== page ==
16

Attempts to maintain simultaneously a position in an established market and to introduce new convergence products often may create tension. For example, the cooperation between Bertelsmann and Canal Plus in Europe “has come under strain as Bertelsmann rethinks its strategy in free television and pay TV.... ‘ want to know We where we stand with Bertelsmann,’Canal Plus said yesterday. ‘ is no longer clear in It which direction Bertelsmann is going. Is it going to concentrate on free television or pay TV?.… ’ [Bertelsmann] is the majority shareholder of RTL, Germany’ most s successful commercial (free) television channel.” (“Canal Plus seeks to clarify Bertelsmann link”, Financial Times, 2 August 1996).

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Section 3

Convergence

3.3.2

Network operator competition

As with other products and services, if network capacity becomes less scarce and different networks (cable, the traditional telephone network, cellular networks, satellite and terrestrial broadcasting etc.) become increasingly substitutable, ownership of any one delivery network may cease to confer market power. However, the different delivery mechanisms may not be equally capable of carrying all informationbased products and communication services (see Table 1 for a comparison). Traditional terrestrial broadcasting networks, for example, are of limited capacity and lack a return path necessary for interactive services, whereas cable networks do not have any of these limitations. Equally the end user equipment, which may be simply an extension of the particular network technology, will not be capable of receiving all information based and communication products and services. In addition, the telecommunications industry is still dominated in Australia by Telstra, and even, with telecommunications liberalisation, it is not clear much network competition will be feasible or sustainable. If network competition does not develop and the optical fibre telecommunications link becomes the dominant network mode for delivering services to consumers, then access pricing issues, already a telecommunications problem, will loom even larger. However, it is impossible to predict the emergence of a dominant delivery system at this stage. There is certainly no unanimity of views on any decisive trends toward monopolisation of the delivery level through an allpurpose network.17 One factor that will affect competition for some time to come are the sunk costs that characterise all networks. These huge sunk costs mean that competition between networks could be fierce, but also that exit is unlikely. Because most costs are already sunk, consolidation within or between these network industries is more likely to happen through mergers and takeovers rather than through exit of individual firms.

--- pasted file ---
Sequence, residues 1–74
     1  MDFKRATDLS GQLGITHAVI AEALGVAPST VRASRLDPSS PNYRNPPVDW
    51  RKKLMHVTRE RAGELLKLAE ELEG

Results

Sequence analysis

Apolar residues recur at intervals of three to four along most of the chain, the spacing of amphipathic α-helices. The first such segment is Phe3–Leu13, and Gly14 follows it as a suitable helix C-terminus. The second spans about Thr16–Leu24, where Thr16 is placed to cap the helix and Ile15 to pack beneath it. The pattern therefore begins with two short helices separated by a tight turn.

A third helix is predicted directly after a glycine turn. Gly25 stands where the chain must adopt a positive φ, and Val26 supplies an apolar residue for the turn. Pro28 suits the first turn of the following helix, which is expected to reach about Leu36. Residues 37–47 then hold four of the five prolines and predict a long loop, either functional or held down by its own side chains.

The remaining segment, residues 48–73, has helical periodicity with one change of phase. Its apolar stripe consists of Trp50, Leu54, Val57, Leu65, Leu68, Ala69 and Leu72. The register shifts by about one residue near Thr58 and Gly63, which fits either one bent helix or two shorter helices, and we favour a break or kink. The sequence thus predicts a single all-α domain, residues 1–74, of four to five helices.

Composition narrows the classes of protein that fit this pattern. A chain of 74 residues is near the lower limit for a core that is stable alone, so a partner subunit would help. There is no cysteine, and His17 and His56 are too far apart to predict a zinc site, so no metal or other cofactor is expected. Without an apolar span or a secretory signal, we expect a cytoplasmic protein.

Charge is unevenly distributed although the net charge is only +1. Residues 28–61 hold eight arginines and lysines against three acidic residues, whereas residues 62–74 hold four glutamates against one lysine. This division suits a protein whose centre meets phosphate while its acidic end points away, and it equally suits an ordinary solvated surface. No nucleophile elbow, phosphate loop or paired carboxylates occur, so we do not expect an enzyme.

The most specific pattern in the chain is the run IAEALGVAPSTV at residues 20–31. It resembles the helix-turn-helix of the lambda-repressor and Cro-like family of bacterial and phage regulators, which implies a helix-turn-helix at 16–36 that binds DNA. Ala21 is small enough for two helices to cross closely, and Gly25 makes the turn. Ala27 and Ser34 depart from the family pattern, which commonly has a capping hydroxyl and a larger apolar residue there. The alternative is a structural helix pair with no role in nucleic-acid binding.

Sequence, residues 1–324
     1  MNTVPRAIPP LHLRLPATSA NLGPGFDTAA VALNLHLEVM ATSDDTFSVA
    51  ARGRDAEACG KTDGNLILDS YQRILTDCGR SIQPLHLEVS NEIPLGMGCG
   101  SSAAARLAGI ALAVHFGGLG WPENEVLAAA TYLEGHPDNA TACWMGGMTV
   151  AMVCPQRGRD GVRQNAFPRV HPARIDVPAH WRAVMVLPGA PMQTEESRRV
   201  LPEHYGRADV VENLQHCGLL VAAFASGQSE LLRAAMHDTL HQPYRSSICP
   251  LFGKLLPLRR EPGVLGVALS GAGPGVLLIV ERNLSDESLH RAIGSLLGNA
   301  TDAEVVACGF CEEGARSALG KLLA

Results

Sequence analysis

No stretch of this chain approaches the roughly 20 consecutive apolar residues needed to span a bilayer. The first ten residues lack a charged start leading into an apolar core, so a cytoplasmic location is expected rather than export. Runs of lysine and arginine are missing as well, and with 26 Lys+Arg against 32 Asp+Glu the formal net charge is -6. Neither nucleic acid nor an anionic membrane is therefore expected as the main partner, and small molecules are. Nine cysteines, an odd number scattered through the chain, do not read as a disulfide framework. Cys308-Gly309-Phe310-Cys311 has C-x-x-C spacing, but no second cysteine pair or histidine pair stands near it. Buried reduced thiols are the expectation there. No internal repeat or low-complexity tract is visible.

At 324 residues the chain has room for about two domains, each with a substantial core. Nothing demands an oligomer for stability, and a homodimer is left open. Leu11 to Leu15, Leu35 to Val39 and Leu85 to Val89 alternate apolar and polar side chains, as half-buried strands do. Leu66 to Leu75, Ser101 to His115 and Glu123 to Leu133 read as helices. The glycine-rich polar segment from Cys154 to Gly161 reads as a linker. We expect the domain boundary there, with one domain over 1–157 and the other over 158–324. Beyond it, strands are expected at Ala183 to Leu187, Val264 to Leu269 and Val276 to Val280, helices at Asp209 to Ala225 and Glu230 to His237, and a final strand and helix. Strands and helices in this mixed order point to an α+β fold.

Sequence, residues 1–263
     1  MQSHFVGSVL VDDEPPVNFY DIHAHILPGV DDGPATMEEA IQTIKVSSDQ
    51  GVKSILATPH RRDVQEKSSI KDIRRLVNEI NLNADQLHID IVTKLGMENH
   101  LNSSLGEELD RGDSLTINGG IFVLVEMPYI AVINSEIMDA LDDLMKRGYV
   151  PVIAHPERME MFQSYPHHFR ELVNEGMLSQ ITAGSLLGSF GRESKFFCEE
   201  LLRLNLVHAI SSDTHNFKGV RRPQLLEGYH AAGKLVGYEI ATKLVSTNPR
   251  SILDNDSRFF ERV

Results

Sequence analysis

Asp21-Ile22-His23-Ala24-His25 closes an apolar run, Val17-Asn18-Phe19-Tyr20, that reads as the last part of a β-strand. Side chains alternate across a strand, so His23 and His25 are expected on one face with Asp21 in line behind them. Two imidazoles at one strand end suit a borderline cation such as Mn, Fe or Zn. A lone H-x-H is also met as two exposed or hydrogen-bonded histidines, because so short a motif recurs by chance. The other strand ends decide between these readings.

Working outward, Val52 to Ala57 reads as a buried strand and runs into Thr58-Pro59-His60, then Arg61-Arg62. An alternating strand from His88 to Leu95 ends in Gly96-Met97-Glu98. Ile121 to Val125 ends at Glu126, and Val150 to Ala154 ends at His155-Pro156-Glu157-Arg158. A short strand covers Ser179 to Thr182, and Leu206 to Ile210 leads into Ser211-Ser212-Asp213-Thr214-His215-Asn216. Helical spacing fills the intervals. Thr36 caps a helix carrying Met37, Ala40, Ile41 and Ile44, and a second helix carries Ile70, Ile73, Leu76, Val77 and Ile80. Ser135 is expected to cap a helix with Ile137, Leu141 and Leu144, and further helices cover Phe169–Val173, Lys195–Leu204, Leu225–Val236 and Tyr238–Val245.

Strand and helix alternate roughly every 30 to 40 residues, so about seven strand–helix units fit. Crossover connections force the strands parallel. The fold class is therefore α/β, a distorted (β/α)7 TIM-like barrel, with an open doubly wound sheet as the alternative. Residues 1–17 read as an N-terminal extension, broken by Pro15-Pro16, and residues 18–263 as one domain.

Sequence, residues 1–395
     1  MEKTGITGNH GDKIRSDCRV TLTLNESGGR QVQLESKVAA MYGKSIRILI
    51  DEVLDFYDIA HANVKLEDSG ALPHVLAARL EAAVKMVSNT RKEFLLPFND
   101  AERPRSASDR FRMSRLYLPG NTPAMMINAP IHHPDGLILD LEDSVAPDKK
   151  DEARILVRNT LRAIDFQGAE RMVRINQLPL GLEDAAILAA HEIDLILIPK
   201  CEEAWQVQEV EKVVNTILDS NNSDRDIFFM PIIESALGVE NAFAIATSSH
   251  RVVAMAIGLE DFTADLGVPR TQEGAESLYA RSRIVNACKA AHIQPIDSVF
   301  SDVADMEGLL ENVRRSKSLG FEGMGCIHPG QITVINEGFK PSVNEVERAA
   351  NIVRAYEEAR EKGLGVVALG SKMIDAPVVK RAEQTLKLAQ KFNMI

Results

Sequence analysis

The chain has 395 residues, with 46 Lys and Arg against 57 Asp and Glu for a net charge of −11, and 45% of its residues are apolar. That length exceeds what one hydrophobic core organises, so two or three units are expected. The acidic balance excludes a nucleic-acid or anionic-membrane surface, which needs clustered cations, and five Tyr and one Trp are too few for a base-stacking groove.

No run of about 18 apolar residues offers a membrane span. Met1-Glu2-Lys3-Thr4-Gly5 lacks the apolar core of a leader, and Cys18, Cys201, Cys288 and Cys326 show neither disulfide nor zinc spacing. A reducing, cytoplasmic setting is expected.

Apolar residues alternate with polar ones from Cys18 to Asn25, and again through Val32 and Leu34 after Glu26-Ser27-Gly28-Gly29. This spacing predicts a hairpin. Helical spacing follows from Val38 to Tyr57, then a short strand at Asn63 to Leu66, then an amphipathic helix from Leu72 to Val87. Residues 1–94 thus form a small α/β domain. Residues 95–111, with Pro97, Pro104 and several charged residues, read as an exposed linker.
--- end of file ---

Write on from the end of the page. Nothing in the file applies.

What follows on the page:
17

Stephen P. King and Rodney Maddock, Unlocking the Infrastructure, Allen & Unwin: Sydney, 1996.

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Section 3

Convergence

Table 1: A comparison of different delivery mechanisms
System
Telephone network

Cost structure
Large fixed and sunk cost; incremental cost per user may be quite high if upgrading to digital technology is done on a per user basis; incremental cost for additional channels has to be borne only at the server and backbone level because of switched architecture. Large fixed and sunk cost; incremental cost per user in homes passed is relatively low; incremental cost per channel depends on the currently available capacity and on the choice of technology for upgrading capacity; step function with potentially small steps. Large fixed and sunk cost; incremental cost per user (within a given footprint) is determined by the cost of receivers and dishes; incremental cost per channel depends on the currently available capacity and on the cost of launching new satellites; step function with relatively large steps. Significant fixed and sunk cost; incremental cost per user is determined by the cost of receivers and dishes; incremental cost per channel depends on the currently available capacity and on the cost of building new transmitters. Significant fixed and sunk cost; with current technology, almost no incremental cost per user; incremental cost per channel almost irrelevant due to strict capacity limitations.

Weaknesses and strengths
Not very suitable for broadcast transmission; very good for personalised services and interactive services that require a return path; capacity limitations in terms of channels are irrelevant.

Cable network

Suitable for both broadcasting services and providing personalised and interactive services.

Satellite transmission

Suitable for broadcasting services; lacking a return path, satellite transmission has to be combined with other networks for interactive services.

Wireless cable

Suitable for broadcasting services; lacking a return path, wireless cable has to be combined with other networks for interactive services.

Terrestrial broadcast

Suitable for broadcasting services; capacity limitations make personalised and interactive services impossible.

3.3.3

Standards and access issues